Friday, 17 August 2018

Hubert Parry - the complete string quartets

Hubert Parry - Complete Music for String Quartet - Archaeus Quartet
Hubert Parry Complete works for string quartet; Archaeus Quartet; MPR Reviewed by Robert Hugill on 14 August 2018 Star rating: 3.0 (★★★)
A disc which allows us to see Parry moving from student works to something deeper and more serious

Hubert Parry's music is gradually (very gradually) coming out of hibernation. Whilst his symphonies have been available on disc for some time, it is only recently that a serious exploration of his songs has started (on SOMM), whilst this new disc from MPR features the Archaeus Quartet in Parry's complete music for string quartet.

The disc includes Parry's three completed quartets, along with a quartet movement left incomplete and here heard in an edition by Jeremy Dibble. The three quartets are all relatively early works, the first two date from Parry's student days in Oxford. There he participated in the musical soirees given by William Donkin, the Savilian Professor of Astronomy, and this seems to have spurred Parry on. His first quartet was finished in 1867, and his second in 1868. There was then a gap as, after he finished university he went to work at Lloyd's Register of Shipping (in order to convince his fiancee's family that he was able to support her). Parry would take lessons from Edward Dannreuther, only four years Parry's senior. Dannreuther also hosted chamber music concerts, with quite advanced repertoire, and it was for these that Parry composed his third string quartet in 1878 to 1880.
Parry's Quartet No. 1 in G minor, in three movements, is very much in the debt of Mendelssohn, clearly this latter composer's music was in favour at Donkin's soirees. So there is a Mendelssohnian classical elegance to the first movement, and the second movement starts delicately with the quartet performing with a fined down soun, though this movement does develop in passion. Finally there is a Allegro vivace, all lively charm and pointed rhythms.

Quartet No. 2 in C major moves into four movements, and here the influences are more various with Brahms and Dvorak entering the mix. This is a larger, more confident work. The opening movement, despite some lively rhythms, is surprisingly low key whilst the slow movement is intimate and thoughtful. The Mendelssohnian scherzo is all perky, catchy rhyhms, and the finale is outdoory in the manner of Dvorak.

I have to confess that with both these first two quartets, I found that the different movements rather outstayed their welcome, pleasant though they are.

It is only in the Quartet No. 3 in G major that we reach real maturity and depth. Again in three movements, it is a substantial work lasting over 30 minutes. The opening movement, clearly inspired by Dvorak and Brahms, is complex with a real sense of drama to it. The slow movement, 'Andante', despite being lyrical has some interesting undertones to it, and there are definitely dark clouds gathering around the Scherzo. The final movement again has an interesting complexity and drama to it.

The stand-alone Scherzo is a delicate affair (Jeremy Dibble in his booklet note describes it as 'will-o-the-wisp') with a more robust trio.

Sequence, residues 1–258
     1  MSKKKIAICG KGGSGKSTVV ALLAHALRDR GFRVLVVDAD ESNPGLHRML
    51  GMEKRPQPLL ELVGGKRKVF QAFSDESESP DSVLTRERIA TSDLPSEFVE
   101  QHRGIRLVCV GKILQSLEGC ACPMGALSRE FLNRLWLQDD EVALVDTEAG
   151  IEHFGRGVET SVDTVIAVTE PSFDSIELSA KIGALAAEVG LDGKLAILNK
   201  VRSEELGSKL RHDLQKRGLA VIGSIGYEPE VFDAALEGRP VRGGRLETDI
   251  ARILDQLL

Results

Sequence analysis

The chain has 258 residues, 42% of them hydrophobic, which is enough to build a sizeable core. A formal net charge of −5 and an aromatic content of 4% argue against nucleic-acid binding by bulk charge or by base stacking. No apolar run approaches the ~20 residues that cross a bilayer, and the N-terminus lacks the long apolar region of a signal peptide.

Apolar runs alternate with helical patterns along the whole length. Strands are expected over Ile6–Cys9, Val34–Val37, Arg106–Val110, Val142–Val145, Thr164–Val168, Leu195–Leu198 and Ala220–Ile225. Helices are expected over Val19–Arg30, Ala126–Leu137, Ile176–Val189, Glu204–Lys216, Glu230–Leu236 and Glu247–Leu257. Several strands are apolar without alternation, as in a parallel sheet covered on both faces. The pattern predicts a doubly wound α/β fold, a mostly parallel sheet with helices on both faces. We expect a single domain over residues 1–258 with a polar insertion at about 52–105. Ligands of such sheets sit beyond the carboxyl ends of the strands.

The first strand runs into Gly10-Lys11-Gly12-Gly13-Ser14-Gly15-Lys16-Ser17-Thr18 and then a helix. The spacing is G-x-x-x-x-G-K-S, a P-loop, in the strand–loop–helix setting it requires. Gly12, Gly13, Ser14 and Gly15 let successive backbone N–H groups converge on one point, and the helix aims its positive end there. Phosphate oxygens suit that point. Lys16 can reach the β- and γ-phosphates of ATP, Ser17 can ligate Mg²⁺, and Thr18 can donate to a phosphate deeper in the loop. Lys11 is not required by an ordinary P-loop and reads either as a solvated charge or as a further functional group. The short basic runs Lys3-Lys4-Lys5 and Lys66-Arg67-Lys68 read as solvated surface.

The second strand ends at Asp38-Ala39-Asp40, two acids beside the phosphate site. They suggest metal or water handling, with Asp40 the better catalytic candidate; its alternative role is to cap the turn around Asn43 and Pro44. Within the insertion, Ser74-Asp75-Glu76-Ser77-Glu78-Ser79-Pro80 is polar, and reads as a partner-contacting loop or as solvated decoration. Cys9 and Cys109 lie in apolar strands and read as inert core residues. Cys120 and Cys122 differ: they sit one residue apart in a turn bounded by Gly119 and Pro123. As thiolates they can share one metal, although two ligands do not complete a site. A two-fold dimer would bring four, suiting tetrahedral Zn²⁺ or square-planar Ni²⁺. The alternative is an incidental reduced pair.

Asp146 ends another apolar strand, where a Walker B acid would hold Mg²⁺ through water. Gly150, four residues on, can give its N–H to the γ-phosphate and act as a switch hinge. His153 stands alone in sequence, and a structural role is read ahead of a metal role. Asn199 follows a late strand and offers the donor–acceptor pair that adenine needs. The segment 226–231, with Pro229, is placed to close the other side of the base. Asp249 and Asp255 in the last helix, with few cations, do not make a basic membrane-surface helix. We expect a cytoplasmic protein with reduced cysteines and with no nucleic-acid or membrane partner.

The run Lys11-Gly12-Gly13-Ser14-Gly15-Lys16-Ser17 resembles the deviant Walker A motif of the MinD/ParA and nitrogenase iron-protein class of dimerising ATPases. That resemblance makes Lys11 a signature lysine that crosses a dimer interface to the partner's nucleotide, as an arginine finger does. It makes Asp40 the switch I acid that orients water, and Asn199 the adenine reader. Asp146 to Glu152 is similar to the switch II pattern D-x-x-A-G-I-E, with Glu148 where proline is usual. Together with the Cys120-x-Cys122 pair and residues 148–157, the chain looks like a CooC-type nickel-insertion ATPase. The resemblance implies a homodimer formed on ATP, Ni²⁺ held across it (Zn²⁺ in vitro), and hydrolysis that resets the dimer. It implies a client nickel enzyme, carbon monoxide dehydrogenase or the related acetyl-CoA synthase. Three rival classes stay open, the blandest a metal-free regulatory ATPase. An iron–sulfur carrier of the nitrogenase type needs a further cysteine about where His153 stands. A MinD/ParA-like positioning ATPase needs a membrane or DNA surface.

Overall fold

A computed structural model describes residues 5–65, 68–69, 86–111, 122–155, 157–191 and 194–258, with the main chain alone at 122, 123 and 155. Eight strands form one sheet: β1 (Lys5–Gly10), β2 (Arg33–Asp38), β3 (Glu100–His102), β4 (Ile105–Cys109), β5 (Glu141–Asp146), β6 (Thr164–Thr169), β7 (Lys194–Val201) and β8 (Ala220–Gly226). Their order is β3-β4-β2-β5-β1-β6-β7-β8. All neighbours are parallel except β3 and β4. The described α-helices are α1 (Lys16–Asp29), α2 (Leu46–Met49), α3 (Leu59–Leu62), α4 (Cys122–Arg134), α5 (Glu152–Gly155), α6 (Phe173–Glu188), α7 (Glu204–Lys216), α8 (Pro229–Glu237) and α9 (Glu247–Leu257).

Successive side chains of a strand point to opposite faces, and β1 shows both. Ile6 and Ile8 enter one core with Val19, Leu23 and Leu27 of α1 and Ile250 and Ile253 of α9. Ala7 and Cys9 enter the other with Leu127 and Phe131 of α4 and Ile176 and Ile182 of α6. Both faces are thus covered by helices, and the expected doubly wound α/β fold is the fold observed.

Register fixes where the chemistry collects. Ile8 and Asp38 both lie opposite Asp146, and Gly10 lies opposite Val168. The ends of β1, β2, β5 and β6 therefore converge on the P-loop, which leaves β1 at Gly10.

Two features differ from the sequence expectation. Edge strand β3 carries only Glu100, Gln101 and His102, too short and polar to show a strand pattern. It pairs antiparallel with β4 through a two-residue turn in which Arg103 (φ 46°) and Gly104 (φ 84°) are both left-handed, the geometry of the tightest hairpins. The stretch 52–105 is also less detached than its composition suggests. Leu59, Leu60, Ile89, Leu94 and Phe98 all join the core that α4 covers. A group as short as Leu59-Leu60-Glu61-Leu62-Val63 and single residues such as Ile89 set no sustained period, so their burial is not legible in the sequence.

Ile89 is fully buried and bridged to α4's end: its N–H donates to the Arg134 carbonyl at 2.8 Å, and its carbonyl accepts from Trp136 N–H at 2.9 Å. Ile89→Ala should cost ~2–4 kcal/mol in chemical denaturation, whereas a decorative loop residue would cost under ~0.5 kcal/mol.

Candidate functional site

Following the third quartet, Parry would write further chamber music but would never again return to the string quartet form. Whilst, perhaps only Parry's third quartet is worthy of a place on the library shelves, the ability to hear all three is a valuable window onto his creative and learning processes and the Archaeus Quartet must be commended on their admirable recording project.

Sir Charles Hubert Hastings Parry (1848-1918) - String Quartet No. 1 in G minor
Sir Charles Hubert Hastings Parry - String Quartet No. 2 in C major
Sir Charles Hubert Hastings Parry - String Quartet No. 3 in G major
Sir Charles Hubert Hastings Parry - Scherzo in C
Archaeus Quartet (Ann Hooley, Rosemary Lock, Elizabeth Turnbull, Martin Bradshaw)
Recorded St Mary the Virgin, Salehurst, East Sussex, 14-16 November 2017
MPR MPR102 2CDs [44.15, 37.23]
Available from Amazon.
Elsewhere on this blog:
  • Out of the mouths of babes: Metta Theatre at Tête à Tête (★★★)  - Opera review
  • if there were water - Two different, yet challenging contemporary choral pieces in this striking disc from the American choir, The Crossing (★★★★) - CD review
  • Bayreuth’s new production of Lohengrin has taken the Green Hill by storm (★★★★★) - opera review
  • Exploring advanced techniques: flautist Sara Minelli's New Resonances (★★★)   - CD review
  • Leaving on a high: final revival of Jan Philipp Gloger's production of Wagner’s Der fliegende Holländer at the Bayreuth Festival  (★★★★★)  - Opera review
  • Prom 42: the first Estonian orchestra at the Proms - Paavo Järvi and the Estonian Festival Orchestra (★★★★½)  - concert review
  • A strong message on anti-semitism: Wagner’s Die Meistersinger von Nürnberg at the Bayreuth Festival  (★★★★★) - opera review
  • Edward Lambert's new Lorca-inspired chamber opera at Tête à Tête (★★½)  - Opera review
  • Still relevant & still controversial: Alex Mills' Dear Marie Stopes at the Wellcome Collection (★★★★½)  - Opera review
  • Politics, music and tonality: Keith Burstein and The Prometheus Revolution - interview
  • Small scale challenge: studio performance of Donizetti's Lucia di Lammermoor from Fulham Opera (★★★½)  - opera review
  • Calen-O: songs from the North of Ireland from Carolyn Dobbin & Iain Burnside (★★★★½) - CD review
  • Prom 34: rare Barber & Copland in Juanjo Mena's leave-taking at the BBC Proms (★★★★) - concert review
  • Home

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